Is there a role for acupuncture in the symptom management of patients receiving palliative care for cancer? A pilot study of 20 patients comparing acupuncture with nurse-led supportive care

Acupunct Med. 2011 Sep;29(3):173-9. doi: 10.1136/aim.2011.004044. Epub 2011 Jun 11.


Purpose: A pilot study to document changes in symptoms after acupuncture or nurse-led supportive care in patients with incurable cancer.

Methods: Patients receiving palliative care with estimated survival of at least 3 months were screened with the Edmonton Symptom Assessment System (ESAS). Patients (n=20) with significant symptoms were randomised to receive weekly acupuncture or nurse-led supportive care for 4 weeks. ESAS scores were obtained before and after each treatment, and weekly for 6 weeks after treatment by telephone.

Results: 42 of 170 patients screened were eligible. 20 gave consent for recruitment. The compliance rate was 90% for acupuncture and 80% for nurse-led supportive care. Total symptom scores were reduced by an average of 22% after each acupuncture visit and by 14% after each supportive care visit. Compared with baseline, ESAS scores at the end of the follow-up period were reduced by 19% for the acupuncture arm and 26% for nurse-led supportive care.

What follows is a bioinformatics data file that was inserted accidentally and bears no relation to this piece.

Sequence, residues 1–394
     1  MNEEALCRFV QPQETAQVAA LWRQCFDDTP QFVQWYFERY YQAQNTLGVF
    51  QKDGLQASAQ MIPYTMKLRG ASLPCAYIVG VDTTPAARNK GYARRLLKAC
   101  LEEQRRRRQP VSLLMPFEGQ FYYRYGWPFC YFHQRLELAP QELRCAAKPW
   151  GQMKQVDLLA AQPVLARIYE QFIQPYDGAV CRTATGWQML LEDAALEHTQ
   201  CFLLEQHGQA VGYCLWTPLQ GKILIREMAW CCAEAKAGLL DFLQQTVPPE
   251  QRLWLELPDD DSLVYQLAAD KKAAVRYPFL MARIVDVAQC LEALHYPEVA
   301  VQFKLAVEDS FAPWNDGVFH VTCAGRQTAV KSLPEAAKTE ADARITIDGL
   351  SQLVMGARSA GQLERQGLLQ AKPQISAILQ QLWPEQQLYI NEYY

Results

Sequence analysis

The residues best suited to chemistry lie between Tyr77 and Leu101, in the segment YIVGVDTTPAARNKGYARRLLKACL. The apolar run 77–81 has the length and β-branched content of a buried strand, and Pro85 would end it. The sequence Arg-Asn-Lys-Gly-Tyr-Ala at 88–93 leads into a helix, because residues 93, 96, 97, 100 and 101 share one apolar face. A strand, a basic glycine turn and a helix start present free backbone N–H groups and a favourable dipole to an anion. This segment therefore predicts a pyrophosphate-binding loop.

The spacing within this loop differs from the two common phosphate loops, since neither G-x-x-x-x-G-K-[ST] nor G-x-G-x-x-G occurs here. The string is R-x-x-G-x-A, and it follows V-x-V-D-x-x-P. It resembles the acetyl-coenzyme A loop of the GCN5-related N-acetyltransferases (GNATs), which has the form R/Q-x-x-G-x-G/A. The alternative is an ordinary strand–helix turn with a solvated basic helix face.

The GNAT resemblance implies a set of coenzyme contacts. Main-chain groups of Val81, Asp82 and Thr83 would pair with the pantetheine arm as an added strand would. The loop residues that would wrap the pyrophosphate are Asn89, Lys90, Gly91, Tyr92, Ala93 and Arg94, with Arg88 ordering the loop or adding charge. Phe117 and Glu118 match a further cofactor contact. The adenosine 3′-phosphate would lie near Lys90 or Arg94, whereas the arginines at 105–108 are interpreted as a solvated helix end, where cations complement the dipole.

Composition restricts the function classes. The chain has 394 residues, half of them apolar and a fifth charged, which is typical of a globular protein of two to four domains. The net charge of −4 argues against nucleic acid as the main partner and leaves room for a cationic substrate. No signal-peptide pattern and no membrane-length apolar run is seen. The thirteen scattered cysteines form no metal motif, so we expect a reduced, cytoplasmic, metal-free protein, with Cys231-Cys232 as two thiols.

Conclusion: Patients appear to benefit from incorporating acupuncture in the treatment of advanced incurable cancer. Acupuncture was well tolerated with no significant or unexpected side effects. Acupuncture had an immediate effect on all symptoms, whereas nurse-led supportive care had a larger impact 6 weeks after the final session. Both interventions appear helpful to this population and warrant further study.

Publication types

  • Randomized Controlled Trial
  • Research Support, Non-U.S. Gov't

MeSH terms

  • Adult
  • Aged
  • Aged, 80 and over
  • Disease Management
  • Electroacupuncture*
  • Female
  • Humans
  • Male
  • Middle Aged
  • Neoplasms / therapy*
  • Nursing Care*
  • Palliative Care*
  • Pilot Projects